The reality is that bigger firms with their established value chain capabilities have the scale that allows an acceleration of the drug into the product market. The Little Engine That Could is a great childrens book, one that provides children with a nice lesson of perseverance. But, in the world of business competition it usually comes down to a matter of bigger really being better, because size infers greater knowledge and more capabilities.

Synergys claims of success notwithstanding, the robust commercialization of Trulance that shareholders have expected since the FDA gave approval in December 2016 remains an elusive goal, and the degradation of the share price a travesty. Management has not only failed to deliver the commercialization expected, but they have unnecessarily diluted shareholders due to poor planning, poor timing, and poor decision-making. Now, this gives one pause to wonder Will shareholders see the search for “all options” fails to rise to the level of a much needed and formalized strategic review?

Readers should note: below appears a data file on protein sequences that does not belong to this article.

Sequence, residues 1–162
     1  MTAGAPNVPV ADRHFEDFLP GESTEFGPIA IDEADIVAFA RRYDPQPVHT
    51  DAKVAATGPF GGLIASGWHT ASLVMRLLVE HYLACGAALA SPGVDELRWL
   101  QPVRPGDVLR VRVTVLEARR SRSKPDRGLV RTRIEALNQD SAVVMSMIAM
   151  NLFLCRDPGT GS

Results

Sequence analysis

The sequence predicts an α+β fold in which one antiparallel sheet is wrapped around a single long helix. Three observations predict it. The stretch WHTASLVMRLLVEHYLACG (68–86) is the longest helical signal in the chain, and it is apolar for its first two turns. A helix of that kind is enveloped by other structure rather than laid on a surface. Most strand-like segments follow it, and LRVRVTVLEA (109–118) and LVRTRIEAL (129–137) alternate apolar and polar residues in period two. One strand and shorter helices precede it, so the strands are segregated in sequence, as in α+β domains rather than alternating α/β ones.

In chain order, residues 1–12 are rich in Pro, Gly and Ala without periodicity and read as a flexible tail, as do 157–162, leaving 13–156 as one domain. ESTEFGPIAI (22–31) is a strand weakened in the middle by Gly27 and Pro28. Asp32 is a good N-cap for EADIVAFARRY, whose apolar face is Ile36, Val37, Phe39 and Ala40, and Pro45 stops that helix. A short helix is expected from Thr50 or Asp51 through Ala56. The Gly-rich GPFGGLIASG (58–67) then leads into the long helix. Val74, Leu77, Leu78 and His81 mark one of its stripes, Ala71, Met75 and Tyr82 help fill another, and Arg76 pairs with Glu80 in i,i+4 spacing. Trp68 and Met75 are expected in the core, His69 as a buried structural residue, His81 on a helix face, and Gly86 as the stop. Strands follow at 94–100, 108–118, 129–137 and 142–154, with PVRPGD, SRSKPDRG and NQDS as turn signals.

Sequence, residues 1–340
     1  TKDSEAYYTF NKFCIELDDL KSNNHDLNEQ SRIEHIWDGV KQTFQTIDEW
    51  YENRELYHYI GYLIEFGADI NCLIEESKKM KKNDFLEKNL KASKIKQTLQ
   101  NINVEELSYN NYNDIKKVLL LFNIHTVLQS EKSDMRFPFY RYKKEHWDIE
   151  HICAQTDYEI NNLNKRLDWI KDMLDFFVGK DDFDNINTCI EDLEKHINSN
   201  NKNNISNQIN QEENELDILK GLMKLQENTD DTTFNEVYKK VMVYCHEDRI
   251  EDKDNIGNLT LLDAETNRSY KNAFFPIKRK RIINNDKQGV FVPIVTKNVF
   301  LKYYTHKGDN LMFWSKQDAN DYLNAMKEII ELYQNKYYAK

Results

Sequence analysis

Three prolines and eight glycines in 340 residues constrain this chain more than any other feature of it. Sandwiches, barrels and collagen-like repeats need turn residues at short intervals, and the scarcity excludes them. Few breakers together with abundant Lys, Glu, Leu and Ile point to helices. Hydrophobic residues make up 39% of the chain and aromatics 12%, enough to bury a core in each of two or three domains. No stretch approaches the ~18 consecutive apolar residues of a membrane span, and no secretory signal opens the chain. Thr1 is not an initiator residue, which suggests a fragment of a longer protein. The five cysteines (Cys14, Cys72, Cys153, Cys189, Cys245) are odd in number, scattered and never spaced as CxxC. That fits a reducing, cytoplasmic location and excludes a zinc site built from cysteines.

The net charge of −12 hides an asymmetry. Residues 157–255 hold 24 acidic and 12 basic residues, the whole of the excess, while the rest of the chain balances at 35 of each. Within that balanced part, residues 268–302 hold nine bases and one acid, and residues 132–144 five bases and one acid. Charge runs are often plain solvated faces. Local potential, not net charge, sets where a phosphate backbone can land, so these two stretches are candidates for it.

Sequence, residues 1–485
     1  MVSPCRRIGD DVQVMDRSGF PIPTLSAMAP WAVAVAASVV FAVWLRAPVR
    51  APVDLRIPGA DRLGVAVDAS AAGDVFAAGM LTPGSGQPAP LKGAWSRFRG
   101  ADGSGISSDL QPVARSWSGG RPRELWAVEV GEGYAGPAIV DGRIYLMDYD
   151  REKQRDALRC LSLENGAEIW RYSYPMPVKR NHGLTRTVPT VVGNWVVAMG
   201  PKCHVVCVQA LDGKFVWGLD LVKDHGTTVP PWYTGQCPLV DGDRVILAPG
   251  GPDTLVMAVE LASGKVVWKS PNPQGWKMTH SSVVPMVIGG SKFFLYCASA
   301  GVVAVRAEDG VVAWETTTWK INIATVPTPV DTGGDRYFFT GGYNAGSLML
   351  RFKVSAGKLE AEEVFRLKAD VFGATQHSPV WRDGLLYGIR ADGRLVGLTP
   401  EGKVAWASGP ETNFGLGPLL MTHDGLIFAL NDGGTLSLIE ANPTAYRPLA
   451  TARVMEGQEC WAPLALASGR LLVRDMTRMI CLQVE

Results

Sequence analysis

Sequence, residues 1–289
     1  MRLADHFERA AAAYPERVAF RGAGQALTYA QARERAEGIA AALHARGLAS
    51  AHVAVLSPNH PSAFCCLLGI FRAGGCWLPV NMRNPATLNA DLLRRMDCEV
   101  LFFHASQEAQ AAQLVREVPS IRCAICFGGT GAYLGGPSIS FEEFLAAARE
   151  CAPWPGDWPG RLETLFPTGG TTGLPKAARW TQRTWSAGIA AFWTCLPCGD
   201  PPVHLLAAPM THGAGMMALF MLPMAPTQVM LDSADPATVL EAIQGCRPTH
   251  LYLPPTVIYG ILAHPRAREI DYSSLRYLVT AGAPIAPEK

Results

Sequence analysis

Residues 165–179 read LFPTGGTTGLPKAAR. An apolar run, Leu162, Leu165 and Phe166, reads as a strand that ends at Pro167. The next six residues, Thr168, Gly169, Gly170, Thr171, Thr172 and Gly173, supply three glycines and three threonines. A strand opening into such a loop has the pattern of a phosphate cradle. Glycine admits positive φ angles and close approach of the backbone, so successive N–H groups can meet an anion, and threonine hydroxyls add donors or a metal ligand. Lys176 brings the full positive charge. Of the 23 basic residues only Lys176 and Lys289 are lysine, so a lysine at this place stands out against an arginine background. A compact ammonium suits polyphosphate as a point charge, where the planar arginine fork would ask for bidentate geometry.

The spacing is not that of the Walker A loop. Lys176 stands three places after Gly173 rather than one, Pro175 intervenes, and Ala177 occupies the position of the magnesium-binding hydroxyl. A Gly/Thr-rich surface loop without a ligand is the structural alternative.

Perhaps it is as the late, great Stephen Hawking once said:

The greatest enemy of knowledge is not ignorance, it is the illusion of knowledge.

Disclosure: I am/we are long SGYP, AGN.

I wrote this article myself, and it expresses my own opinions. I am not receiving compensation for it (other than from Seeking Alpha). I have no business relationship with any company whose stock is mentioned in this article.